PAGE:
The Volkswagen Mark Squared
Volkswagen’s infinite efficiency motor
all started out with a simple idea; improve the performance of a motor over its service cycle.
Seals seat, passages become worn properly, and gas mileage improves.
But then it went wrong.
*As we ask our more learned readers to also dismiss many ‘laws’ of physics
that you think may apply. This ain’t NASA.gov. -ed
Volkswagen introduced the “MK2” series of Golfs and Jettas. But with a new upgrade to the standard 1.8L motor from the previous model.
With every mile traveled, the engine’s power was increasing. A type of thermal efficiency not seen since about .00000001 millisecond into the Big Bang. That kinda stuff. The earlier VW Quantum was almost as good, but you could never find it in the parking lot.(rimshot)
At this point, the vehicles had been out for a few years. The efficiency was, indeed improving. Even automotive journalists had figured out this strange phenomenon with the Mark Squared VWs. Here is former TG presenter Quentin Willison, just before his breakthrough role in Air Con.
According to Top Gear, VW MK2 GTis gain 1/64th a mile per 60,000 miles of usage from new.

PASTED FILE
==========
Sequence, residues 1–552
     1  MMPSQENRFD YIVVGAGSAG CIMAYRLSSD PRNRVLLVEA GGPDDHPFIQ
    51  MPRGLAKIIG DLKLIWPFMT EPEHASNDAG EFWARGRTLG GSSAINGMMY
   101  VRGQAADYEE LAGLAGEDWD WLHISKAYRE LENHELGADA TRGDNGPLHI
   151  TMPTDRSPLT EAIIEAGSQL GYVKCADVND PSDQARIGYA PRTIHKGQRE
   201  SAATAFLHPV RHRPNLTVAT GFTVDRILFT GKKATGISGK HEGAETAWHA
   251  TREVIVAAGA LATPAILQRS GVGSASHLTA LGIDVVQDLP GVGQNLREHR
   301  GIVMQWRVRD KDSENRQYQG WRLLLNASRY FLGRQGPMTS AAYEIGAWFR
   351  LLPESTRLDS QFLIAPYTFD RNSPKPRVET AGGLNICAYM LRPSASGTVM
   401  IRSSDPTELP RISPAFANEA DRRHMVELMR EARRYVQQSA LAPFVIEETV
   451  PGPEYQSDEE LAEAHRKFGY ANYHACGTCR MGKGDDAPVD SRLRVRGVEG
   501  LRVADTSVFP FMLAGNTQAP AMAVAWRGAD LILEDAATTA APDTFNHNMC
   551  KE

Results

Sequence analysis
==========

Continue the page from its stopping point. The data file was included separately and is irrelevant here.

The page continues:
There are some engineers who propose that this is caused by engine components needing to properly seat in the low-mileage motor, and with proper break-in, performance would improve, but just to a certain point, not infinity. These engineers were boring. They now work in the brake department.
What This Means
Every mile that a VW Golf MK2 is operated, efficiency of the motor is increased by .0064/mile. This bit of maths is buried in the review. We found it, dug it up, attached electrodes and went with it.
The figures don’t lie. The captions do.
Even VW’s advertising attempted to warn consumers of the runaway efficiency. 17% increase in power over “before“, perhaps the last time you started the vehicle? This adds up.
Eventually, though, even the engineer’s brilliant brake system, which could stop the moon in orbit if applied to it, was not enough. At a point in the vehicle’s wear cycle, an over-unity is achieved, and efficiency is beyond all known man-made transport.
Attempts to label the phenomenon as “Fahrvergnügen” just led to confusion.
VW later attempted to compensate for this increase in power by adding a shaft and rear transmission in order to diffuse this exponentially expanding HP efficiency. This didn’t help.
It is still a great mystery as to why engineers had neglected to put a efficiency limiter into the system, but an even greater one as to why they Really Developed A Four Wheel Drive System and didn’t market it. They coulda taken Subaru’s thunder. Maybe that move to the brake department was a bad idea.
Top Gear revisited this story, eventually a crapped out 1986 model was found idling in a velodrome where the owner had abandoned it.
There was only one driver they could trust with this sort of power.
Accordign to the internet, a Stig test is one of the last stages before the efficiency overwhelms our current public road system.